The Home of American Intellectual Conservatism — First Principles

October 20, 2018

Humane Economics
Andrew Abela - 07/01/11

A review of Toward a Truly Free Market: A Distributist Perspective on the Role of Government, Taxes, Health Care, Deficits, and More by John C. Médaille (Wilmington, DE: ISI Books, 2010)

John Médaille is an experienced business manager with a graduate degree in theology and a passion for distributism, the economic system proposed by Hilaire Belloc and G. K. Chesterton that promotes widely dispersed property ownership. His book Toward a Truly Free Market, which is being released this month in paperback, is an ambitious attempt to present an exposition and defense of distributist economic theory. While it is expressly “not the great tome that distributist political economy deserves,” its nineteen chapters cover a very extensive scope.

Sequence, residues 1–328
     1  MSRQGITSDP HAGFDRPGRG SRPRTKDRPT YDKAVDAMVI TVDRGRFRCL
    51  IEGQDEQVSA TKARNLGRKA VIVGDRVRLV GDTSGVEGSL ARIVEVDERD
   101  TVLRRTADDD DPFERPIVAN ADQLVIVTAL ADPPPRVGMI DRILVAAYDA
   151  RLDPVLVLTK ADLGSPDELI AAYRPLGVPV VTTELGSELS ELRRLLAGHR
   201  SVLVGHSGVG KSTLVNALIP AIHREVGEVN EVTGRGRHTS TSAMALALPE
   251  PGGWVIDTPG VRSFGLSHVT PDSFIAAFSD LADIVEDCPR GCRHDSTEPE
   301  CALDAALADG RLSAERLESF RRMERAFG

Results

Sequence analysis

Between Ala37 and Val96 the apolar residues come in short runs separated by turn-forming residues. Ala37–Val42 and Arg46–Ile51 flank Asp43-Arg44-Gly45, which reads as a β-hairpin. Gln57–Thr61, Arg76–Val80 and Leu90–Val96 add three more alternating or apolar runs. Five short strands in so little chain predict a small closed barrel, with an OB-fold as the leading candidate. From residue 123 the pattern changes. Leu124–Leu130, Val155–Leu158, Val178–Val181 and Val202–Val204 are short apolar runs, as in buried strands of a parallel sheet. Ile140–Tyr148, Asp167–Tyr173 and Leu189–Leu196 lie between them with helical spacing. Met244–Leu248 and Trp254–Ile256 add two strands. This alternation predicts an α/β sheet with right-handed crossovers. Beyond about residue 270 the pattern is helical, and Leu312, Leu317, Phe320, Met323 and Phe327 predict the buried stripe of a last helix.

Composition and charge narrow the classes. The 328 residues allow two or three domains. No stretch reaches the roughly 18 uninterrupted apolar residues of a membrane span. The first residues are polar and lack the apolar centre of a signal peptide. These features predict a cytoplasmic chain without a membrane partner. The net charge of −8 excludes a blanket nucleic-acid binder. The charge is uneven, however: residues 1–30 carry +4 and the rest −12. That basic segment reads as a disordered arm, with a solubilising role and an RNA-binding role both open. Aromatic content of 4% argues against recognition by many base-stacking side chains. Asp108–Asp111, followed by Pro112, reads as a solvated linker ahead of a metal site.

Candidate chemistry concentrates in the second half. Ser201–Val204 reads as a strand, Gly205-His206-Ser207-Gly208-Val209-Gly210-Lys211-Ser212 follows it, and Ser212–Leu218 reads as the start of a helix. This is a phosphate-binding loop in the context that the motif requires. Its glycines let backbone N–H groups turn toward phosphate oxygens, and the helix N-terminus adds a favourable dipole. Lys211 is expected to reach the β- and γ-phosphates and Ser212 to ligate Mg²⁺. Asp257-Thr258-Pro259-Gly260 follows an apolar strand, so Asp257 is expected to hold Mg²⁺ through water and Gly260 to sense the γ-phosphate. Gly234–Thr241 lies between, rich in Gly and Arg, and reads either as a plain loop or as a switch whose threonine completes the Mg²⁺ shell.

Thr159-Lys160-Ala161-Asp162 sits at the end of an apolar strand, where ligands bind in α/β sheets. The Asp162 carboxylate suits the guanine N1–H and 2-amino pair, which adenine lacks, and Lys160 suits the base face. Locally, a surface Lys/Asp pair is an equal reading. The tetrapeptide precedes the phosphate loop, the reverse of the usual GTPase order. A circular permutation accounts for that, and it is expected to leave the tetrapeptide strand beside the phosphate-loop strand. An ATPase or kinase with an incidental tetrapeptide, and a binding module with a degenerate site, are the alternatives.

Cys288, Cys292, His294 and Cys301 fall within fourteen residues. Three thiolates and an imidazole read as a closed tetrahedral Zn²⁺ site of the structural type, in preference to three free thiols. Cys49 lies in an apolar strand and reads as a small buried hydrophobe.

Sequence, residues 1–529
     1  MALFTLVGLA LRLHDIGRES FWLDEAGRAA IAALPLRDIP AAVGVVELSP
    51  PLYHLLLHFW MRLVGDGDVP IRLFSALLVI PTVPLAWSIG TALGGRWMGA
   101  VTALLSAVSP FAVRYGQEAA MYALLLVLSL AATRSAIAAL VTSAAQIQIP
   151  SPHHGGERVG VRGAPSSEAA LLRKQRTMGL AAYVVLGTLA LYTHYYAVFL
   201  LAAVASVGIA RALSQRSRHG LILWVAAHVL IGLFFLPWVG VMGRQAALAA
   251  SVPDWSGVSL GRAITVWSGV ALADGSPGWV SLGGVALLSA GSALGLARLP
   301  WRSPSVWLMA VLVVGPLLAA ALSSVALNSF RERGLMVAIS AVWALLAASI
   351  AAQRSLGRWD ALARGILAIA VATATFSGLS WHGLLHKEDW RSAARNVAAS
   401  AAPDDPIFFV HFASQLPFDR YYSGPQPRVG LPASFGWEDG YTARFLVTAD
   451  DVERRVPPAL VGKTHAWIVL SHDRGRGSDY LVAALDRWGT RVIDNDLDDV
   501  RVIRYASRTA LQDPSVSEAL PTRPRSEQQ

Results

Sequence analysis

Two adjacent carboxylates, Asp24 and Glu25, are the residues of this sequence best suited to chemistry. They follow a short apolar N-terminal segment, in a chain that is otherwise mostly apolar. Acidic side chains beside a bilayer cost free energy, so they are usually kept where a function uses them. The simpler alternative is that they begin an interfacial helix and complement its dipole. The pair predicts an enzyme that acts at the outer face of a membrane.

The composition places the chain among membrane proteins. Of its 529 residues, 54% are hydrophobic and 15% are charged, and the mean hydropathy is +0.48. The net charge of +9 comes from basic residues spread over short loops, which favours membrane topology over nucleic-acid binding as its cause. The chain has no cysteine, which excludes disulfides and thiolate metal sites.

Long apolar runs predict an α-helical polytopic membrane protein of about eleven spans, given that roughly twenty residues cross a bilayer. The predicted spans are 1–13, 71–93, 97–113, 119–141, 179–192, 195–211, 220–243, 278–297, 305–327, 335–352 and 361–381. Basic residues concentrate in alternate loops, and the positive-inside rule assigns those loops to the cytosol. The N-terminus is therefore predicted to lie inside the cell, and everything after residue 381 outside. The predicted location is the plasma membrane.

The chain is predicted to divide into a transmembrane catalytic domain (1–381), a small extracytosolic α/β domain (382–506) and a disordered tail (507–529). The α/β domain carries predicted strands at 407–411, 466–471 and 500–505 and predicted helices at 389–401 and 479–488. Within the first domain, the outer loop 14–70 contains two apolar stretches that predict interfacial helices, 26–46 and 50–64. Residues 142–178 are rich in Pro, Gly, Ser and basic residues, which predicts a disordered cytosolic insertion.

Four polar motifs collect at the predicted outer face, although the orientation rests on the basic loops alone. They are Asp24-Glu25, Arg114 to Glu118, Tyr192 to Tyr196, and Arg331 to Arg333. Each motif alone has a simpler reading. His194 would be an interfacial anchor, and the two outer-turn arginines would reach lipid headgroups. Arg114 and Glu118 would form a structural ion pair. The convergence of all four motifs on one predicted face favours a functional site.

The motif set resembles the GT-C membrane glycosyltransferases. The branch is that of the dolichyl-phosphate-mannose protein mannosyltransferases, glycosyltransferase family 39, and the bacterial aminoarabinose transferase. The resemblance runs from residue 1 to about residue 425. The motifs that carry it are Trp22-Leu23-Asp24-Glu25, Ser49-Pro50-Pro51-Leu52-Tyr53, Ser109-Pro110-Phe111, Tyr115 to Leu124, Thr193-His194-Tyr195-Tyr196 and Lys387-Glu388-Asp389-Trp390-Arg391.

The first two chapters set up the main thrust of the book, which is to demonstrate the important insight that distributism, unlike alternative theories, is an economic “theory that combines both justice and freedom.” Chapters three to five explore whether political economy should be considered a science, and whether we have a correct understanding of our current economic malaise. Here Médaille makes a most notable point, that “those who wish to scale back the extent of government involvement in the economy must first analyze the failures in the economy that make heavy government involvement necessary.” The central failure, explains Médaille, is the lack of justice.

In chapter six, he makes the case for the necessity of justice for political economy. Here, he provides a very forceful criticism of contemporary economic theory, which, “lacking a coherent notion of distributive justice, is not, and cannot be, a complete description of an actual economy.” This is why our economic theory fails us so often: “Clearly, you cannot accurately predict the behavior of a system you cannot accurately describe.” In chapters seven to nine, he extends his criticism of economic theory by exploring, in turn, what he refers to as the “fictitious commodities” of money, labor, and land.